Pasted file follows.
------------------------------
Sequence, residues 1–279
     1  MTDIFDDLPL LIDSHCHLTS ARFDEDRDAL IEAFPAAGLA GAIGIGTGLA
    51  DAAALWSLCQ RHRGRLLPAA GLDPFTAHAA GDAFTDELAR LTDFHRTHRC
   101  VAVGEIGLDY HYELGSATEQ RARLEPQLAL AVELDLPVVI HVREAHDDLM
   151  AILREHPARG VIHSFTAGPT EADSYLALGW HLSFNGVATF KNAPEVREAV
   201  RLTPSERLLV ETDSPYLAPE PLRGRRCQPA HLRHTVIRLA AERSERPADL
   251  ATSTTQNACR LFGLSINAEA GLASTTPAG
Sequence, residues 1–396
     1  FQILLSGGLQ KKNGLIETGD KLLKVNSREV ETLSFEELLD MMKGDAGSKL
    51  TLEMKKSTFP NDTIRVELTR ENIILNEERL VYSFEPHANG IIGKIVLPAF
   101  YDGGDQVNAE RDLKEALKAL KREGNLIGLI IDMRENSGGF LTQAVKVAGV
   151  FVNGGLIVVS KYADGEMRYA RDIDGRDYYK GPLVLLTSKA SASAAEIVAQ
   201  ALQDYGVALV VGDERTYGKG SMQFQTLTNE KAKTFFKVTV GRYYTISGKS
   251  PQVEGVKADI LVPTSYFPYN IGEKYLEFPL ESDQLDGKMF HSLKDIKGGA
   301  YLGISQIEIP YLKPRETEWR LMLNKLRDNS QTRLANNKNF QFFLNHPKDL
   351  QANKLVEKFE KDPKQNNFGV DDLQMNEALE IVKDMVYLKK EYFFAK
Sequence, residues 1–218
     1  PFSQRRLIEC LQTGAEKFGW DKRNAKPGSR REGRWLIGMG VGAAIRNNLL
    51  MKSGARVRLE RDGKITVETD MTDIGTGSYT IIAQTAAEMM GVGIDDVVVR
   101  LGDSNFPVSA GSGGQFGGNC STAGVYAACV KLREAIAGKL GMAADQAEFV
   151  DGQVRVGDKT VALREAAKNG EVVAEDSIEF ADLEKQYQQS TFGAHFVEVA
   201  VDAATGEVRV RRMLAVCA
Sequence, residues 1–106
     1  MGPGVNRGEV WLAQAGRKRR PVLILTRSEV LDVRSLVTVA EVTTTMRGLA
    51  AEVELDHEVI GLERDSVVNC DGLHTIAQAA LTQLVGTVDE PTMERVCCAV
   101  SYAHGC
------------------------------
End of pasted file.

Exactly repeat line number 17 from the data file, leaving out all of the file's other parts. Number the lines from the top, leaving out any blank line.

Sequence, residues 1–218